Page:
Introduced by Beatrice I. Bonafé


International procedural law has drawn increasing attention in the last years. This Zoom-out is dedicated to an aspect of international procedural law that nonetheless is generally overlooked, that is, the very characteristics of international procedural rules when conceived of as sources of international law. Basically, two main sets of questions have been submitted to the authors:


  1. Can international procedural rules be regarded as ‘ordinary’ international rules? Are they adopted by the same actors and by having recourse to the same processes as any other international rule? Are they applied, interpreted and enforced in the very same way?
  2. Assuming that international procedural rules have special features, to what extent do they differ from ‘ordinary’ rules? Is there a general distinction to be made between procedural and substantive rules? Which are the reasons that might explain differences (or points of contact) in the procedural regime from one jurisdiction to the other?


As to the first set of questions, they have been prompted by the realization that procedural regimes are certainly specific to each dispute settlement body, but they seem to share special features when compared to ‘ordinary’ sets of international rules. And this is true with respect to all the three fields of investigations that have been taken into account: the formation of procedural rules, their interpretation and application, and finally their enforcement. The main example being the role of judges in the adoption of international procedural rules. While ‘ordinary’ rules are mainly created by States, when it comes to procedural law, judges are clearly the main (if not the exclusive) rule-makers, even when States do all their best to maintain control over procedural rule-making. As far as the interpretation and application of procedural rules are concerned, the analysis shows a common tendency to use the same general rules that govern the interpretation and application of all international rules, such as those codified by the Vienna Convention on the Law of Treaties, but also a special role that internal institutional apparatuses may play from time to time. Finally, as regards the enforcement of procedural law, every dispute settlement mechanism generally has a specific regime. Nevertheless, it appears from the following contributions that most of the time the rules providing for consequences to be attached to the breach of procedural rules are not very sophisticated and that the lack of sanction does not have an impact on the existence of such procedural rules.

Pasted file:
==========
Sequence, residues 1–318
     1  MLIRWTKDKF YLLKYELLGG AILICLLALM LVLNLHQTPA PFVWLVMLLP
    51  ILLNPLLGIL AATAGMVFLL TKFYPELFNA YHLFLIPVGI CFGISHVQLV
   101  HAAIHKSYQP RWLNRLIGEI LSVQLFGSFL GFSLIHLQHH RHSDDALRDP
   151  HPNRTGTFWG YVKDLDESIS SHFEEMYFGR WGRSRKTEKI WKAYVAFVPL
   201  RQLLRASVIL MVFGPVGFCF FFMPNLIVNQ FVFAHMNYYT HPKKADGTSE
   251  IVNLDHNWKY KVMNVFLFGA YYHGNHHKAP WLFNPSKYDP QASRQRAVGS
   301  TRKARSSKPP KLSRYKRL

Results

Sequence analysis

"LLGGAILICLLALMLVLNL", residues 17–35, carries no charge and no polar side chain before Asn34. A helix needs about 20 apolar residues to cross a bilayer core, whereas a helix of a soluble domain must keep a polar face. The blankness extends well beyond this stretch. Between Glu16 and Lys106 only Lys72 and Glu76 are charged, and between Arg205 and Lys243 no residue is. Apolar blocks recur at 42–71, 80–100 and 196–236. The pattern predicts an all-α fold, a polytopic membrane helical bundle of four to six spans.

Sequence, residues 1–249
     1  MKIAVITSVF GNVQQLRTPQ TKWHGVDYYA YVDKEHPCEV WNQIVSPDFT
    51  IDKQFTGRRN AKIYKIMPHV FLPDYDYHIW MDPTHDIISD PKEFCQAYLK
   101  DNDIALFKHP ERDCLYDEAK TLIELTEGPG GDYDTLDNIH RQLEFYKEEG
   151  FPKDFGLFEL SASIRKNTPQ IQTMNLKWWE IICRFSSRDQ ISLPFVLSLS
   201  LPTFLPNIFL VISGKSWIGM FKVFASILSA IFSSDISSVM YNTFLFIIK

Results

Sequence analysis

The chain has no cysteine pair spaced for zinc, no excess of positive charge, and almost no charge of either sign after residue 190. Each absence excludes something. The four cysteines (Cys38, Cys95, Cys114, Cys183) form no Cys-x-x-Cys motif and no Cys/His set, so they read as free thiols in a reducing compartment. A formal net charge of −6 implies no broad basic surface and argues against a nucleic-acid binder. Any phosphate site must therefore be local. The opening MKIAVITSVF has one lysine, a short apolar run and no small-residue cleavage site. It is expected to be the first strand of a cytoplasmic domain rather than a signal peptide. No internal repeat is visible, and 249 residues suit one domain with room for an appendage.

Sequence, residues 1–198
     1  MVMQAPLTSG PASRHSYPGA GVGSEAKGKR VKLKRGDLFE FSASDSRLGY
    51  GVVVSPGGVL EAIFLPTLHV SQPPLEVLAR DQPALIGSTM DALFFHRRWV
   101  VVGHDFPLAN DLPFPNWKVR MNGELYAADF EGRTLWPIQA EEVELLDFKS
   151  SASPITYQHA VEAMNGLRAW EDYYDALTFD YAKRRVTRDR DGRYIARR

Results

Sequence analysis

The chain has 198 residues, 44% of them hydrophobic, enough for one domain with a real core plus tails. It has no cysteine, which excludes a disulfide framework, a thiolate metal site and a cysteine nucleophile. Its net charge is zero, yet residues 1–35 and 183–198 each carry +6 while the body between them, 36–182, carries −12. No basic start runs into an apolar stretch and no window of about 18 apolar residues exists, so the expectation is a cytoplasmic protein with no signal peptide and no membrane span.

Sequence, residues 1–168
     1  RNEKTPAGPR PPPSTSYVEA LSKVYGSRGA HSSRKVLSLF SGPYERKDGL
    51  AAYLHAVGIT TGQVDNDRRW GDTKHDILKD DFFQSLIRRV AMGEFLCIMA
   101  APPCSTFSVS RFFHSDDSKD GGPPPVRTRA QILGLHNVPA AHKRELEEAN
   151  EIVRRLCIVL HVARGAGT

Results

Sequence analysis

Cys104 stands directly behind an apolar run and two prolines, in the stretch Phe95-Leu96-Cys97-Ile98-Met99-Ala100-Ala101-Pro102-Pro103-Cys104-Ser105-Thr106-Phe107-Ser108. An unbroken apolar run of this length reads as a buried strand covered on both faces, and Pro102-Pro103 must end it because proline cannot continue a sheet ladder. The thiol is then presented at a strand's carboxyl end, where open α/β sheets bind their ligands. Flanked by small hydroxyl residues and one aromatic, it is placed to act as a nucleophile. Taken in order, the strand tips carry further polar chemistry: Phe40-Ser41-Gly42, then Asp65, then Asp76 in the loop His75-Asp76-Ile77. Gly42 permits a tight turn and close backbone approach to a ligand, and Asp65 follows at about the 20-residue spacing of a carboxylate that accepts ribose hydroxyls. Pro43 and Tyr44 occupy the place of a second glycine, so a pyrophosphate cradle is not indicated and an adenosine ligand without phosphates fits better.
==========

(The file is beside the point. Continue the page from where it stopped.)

As to the second set of questions, our main assumption was that international procedural rules reflect a special balance between the need for change and adaptation to special interests or circumstances and the need to ensure stability of international dispute settlement. As legal rules, procedural law is meant to ensure legal certainty. This purpose has a special meaning in the delicate phase of international relations in which the parties have to settle their disputes. In such circumstances, it is very important to know in advance what rules will be applicable, which are the procedural options as well as the consequences that may be attached to the failure of compliance with the procedural regime. As to the reasons for ‘stability’, international procedural rules largely tend to overlap in the application made by international judges – a good example being the regime of provisional measures – so that predictability and transparency would serve the purpose of an effective international dispute settlement. As to the reasons for ‘change’, international procedural rules may sometimes need specific adjustments and integration according to interests of the parties, to the particularities of a certain field of international law, to the developments of the international community, to the broader needs of sound administration of justice, and so on. Thus, all these elements could be taken into account to explain the existence of both diverging regimes of procedural law and common trends or procedural principles under international law.

It was to discuss these issues that a group of scholars gathered at the Sapienza University of Rome on 3 May 2019. QIL will publish in this Zoom-out papers analysing the specific characteristics of procedural rules applicable before the International Court of Justice (Paolo Palchetti), the International Tribunal for the Law of the Sea (Niki Aloupi), the World Trade Organisation dispute settlement bodies (Giovanna Adinolfi), and investment arbitral tribunals (Hervé Ascensio). The debate between the participants was extremely lively and addressed a number of issues that we hope will enrich this Zoom-out.